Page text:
Thus, C++, Java, Modula-2, Pascal, Perl, Python, PHP, Go, etc: all variations of the same theme, albeit some have better syntax (and less busywork) than others.

    Forth, Lisp, J, Smalltalk, Haskell, Erlang, Prolog, SQL, or even Assembler? This is the stuff that bends minds! I don’t always fall in love with such languages, but I always appreciate them!

  8. Sohail Zafar | November 19, 2017 at 12:54 am | Permalink

    I liked the statement “Shut up code”. I am a programmer needed to hear that. Thank you verymuch.

  9. Luis J Schubert | November 19, 2017 at 1:24 am | Permalink

    I agree entirely…. the programming paradigm class I took for my CS degree was by far one of my most interesting classes due to the way in which it taught me to think about programming as an abstract discipline. It allowed me to think about software from a higher level where it no longer matters which “model” as you described I am using to construct a solution for a problem.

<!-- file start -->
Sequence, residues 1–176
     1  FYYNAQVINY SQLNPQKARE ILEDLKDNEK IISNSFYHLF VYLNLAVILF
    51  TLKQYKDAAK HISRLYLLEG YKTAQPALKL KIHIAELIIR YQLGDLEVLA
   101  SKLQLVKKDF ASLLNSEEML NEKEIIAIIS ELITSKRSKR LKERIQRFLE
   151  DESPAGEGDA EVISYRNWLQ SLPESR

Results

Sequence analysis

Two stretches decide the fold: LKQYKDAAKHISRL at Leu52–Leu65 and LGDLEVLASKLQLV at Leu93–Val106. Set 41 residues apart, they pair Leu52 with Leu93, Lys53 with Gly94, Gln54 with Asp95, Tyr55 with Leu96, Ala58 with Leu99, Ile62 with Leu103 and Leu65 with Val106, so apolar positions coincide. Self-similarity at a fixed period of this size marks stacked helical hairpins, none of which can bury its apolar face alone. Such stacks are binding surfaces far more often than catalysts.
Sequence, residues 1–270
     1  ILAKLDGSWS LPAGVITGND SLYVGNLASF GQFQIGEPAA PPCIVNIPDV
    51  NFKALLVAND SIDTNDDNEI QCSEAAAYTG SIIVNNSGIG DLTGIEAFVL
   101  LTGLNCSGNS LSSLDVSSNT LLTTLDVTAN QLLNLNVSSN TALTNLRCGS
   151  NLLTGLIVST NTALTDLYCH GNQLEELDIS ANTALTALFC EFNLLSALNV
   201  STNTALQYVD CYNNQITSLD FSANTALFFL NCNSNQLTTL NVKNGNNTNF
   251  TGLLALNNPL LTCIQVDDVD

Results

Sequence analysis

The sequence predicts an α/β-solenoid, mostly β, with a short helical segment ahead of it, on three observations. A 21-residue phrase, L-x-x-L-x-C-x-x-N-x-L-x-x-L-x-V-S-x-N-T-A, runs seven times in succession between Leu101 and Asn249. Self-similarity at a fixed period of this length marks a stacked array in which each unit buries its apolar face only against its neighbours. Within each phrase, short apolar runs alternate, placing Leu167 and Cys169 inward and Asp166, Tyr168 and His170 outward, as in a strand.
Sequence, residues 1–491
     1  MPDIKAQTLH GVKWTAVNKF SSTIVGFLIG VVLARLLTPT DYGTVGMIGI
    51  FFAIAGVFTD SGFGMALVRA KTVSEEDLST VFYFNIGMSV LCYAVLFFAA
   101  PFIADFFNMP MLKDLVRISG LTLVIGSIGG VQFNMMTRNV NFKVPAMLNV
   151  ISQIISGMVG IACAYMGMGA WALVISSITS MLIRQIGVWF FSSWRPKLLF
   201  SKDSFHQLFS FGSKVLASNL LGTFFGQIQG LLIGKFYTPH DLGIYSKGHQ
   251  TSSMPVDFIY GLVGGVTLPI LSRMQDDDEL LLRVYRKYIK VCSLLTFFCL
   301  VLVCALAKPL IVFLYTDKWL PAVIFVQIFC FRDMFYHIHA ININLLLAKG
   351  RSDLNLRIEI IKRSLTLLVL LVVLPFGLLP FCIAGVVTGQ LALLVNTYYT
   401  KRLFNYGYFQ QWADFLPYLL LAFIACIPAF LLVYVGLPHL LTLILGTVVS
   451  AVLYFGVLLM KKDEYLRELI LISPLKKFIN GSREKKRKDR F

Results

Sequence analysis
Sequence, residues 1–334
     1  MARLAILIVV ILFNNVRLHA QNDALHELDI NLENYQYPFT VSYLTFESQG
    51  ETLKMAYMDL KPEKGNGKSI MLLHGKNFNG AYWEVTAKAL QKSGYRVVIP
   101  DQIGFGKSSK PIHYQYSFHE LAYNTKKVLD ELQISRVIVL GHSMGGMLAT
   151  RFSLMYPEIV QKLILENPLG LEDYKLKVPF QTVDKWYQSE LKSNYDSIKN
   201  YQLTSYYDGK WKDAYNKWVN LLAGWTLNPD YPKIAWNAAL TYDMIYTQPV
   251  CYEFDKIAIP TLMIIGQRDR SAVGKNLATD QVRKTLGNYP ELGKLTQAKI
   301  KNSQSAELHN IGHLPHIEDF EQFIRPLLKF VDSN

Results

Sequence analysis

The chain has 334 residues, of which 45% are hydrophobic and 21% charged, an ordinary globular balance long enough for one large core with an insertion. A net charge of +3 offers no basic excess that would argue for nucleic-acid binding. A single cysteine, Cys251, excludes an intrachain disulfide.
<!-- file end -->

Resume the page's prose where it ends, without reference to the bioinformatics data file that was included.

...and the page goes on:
Over the summer I did research about web development and the different approaches of different “frameworks” to solving the same problems. What I found was that there was an underlying set of paradigms that were partially to fully implemented by the different frameworks. Learning these frameworks opened up a new way to attain knowledge in the field due to my newly found ability to cluster methods from different frameworks based on their respective paradigm.

    Paradigms. Paradigms. Paradigms.
    excuse the rant…
    enjoyed your article

  10. Draak | November 19, 2017 at 4:06 am | Permalink

    Feels a little silly to say that there is no value in “collecting languages”. I have also used more then I could count at this point but each language fits a specific niche even if it wasn’t built for it. And while many languages do share some ideas and syntax; there can be infinite different interpretations of these ideas. Object oriented programming is one paradigm where many languages have implemented the same ideas but in different ways. That is to say that the model for oop in java is different from how it is in JavaScript or c# or dart or kotlin etc. The same goes for the functional paradigm, scheme and clojure have vastly different implementations of the same ideas despite them being lisps.

    There is nothing wrong with being language agnostic (I am so myself), but its also wrong to just completely discount a potential way of doing things that might ultimately be more productive.